La quebrada de Cafayate
It’s not very deep – most places the water barely covers my feet, at the deepest it doesn’t even reach my knees – but we can still feel the latent forces of the wide river as we cross it. No wonder the rivers here can destroy roads during rainy season, no wonder there’s a sign near the road to be aware and take care near the water. But this is not rainy season; the river is just a mere shadow of its powerful self and we can cross it.
There’s something liberating about throwing off your shoes, ripping off your socks and step into a muddy river, to feel the soft wet mud under your bare soles, the water caressing your bare feet . Combine that with a lazy shallow river with water reflecting the rays of the sun. Combine that with a massive red block with stunning red cliffs. Combine that with steep purplish canyons. Freedom! I feel free – and high, high on nature!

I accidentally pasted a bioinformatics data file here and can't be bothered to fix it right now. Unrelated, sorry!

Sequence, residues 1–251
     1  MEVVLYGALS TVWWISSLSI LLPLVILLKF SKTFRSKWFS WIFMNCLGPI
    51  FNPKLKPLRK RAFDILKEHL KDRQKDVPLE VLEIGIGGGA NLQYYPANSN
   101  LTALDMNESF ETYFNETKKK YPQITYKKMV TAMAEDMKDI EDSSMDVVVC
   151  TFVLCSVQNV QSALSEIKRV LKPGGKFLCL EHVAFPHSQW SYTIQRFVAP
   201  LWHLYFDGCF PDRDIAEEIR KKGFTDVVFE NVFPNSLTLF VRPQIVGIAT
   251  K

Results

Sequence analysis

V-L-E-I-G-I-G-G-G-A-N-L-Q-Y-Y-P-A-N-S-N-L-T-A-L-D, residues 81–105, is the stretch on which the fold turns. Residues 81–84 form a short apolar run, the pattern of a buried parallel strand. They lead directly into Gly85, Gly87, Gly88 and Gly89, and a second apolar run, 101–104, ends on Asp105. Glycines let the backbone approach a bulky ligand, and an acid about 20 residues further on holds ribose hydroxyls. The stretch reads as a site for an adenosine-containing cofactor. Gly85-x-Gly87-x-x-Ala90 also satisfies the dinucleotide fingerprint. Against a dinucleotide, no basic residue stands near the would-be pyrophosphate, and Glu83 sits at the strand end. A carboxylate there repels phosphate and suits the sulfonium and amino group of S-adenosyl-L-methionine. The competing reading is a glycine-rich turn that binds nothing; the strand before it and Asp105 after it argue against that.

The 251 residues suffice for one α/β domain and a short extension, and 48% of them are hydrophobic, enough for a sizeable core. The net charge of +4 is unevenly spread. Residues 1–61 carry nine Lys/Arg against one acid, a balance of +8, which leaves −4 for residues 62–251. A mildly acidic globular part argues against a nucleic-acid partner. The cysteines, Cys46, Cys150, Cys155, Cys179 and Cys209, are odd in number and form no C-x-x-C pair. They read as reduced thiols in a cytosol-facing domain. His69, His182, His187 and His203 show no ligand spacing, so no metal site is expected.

Ice cream, wine ice cream, that’s what lured me to Cafayate. Anything ice cream and you have my attention. I love ice cream, you might have got that by now. I didn’t know about the Quebrada, I didn’t know about the colors, I didn’t know about the canyons, I didn’t know about the beauty – it took me all by surprise, but what a surprise. Think red, think purple, think yellow, add a bit of green, put it all on some hills, some mountains, make layers of it, make stripes, make patterns. Add some canyons, add some odd trees in the openings of a canyon, add cacti and spread it all over a huge area. Put in some weird formations that people can make out as something familiar – a train, a frog, a queens head – after a couple of glasses of wine too many, and there you have it: Quebrada the Cafayate.